• Congestive heart failure • Upper airway obstruction • Aspiration of foreign body or gastric acid • Bronchogenic carcinoma with endobronchial obstruction • Bronchiolitis • Multiple pulmonary emboli (rare) Remember "all that wheezes is not asthma." The patient's history as well as their age will often provide the information that is necessary to make a correct differential diagnosis. It is essential to confirm that the patient has reactive airways disease (e.g. asthma, COPD) before you may assist them in nebulized beta agonist therapy. The patient will usually be able to acknowledge this fact, however, if it is not clear that the patient is taking beta agonists for asthma therapy assisting the patient with nebulized therapy is contraindicated. COPD is a chronic respiratory disease which may have a component of reversible airway obstruction. It is typically seen in older patients and may be further subdivided into emphysema or chronic bronchitis. Exacerbations may respond to bronchodilators such as albuterol. Respiratory distress verses respiratory failure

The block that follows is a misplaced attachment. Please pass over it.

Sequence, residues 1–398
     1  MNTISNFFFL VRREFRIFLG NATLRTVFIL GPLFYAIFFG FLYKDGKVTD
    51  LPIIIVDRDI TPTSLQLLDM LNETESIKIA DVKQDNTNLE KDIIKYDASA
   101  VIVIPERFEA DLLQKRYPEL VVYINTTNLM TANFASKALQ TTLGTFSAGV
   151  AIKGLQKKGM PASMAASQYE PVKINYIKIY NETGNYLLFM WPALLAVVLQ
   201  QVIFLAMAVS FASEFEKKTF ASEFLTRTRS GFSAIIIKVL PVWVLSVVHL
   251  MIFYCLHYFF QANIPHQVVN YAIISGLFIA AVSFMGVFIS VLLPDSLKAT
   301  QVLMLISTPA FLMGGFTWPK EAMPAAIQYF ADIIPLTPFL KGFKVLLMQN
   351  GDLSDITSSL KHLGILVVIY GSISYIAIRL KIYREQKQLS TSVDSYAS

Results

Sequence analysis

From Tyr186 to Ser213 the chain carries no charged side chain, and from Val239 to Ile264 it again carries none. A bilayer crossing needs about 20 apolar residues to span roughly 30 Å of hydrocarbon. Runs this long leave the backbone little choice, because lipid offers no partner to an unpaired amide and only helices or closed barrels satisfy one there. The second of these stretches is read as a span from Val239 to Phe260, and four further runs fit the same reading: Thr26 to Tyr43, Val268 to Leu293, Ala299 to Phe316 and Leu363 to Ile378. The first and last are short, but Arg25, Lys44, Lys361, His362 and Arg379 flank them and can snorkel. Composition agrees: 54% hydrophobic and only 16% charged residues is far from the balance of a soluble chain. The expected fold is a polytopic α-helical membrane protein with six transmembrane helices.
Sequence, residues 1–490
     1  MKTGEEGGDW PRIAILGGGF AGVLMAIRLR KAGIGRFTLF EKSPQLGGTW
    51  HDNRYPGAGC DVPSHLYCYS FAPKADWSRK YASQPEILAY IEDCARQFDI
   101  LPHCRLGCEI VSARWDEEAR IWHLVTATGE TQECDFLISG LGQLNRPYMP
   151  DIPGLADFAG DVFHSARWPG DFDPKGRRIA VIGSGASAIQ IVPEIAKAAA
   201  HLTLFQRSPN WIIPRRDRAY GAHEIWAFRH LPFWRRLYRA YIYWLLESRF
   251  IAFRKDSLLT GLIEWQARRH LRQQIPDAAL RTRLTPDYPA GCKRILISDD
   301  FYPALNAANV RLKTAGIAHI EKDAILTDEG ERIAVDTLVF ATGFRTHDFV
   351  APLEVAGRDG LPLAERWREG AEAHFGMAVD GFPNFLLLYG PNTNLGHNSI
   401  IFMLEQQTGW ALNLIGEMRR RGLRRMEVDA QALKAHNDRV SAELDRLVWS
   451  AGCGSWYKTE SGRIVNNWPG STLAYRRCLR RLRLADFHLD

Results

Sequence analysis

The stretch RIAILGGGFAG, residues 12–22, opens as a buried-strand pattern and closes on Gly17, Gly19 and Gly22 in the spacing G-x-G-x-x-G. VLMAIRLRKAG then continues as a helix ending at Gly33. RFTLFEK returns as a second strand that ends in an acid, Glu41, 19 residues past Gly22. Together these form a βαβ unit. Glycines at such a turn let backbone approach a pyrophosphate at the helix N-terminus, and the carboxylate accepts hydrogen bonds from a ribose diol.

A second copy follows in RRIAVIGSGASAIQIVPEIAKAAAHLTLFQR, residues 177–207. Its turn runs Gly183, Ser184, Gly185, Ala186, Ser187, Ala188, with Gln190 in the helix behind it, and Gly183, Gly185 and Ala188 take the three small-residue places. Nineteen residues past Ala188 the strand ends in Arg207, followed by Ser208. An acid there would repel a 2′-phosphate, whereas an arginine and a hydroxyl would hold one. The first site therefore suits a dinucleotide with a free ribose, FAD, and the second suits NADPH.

Respiratory distress/insufficiency is when a patient has begun to show clinical signs and
symptoms suggestive of inadequate blood oxygenation. Evidence would include:

• flaring of the nostrils • tugging of the trachea • use of accessory muscles in the neck and abdomen • retraction of the intercostal and suprasternal spaces during inhalation. Respiratory failure is either apnea (failure of respirations), or the reduction of normal breathing
to the point where oxygen intake is not sufficient to support life.

Reassessment of the patient with respiratory compromise is essential so that proper medical therapy may be provided. Patients in respiratory failure will require ventilatory assistance and often endotracheal intubation. Treatment
Therapy is directed toward all three components of the disease: bronchoconstriction,
inflammation and mucous formation. However, the focus of acute therapy is centered on bronchodilation of smooth muscle because of the rapid effects that can be obtained. The airflow obstruction that is due to mucous plugging and the inflammatory changes seen in the bronchial wall does not usually resolve for days or weeks. Acute therapy to treat both of these components is typically initiated in the emergency department. The results of these interventions, including hydration and corticosteroids, are not usually seen for several hours. Pharmacological therapy involves two different regimens of medications: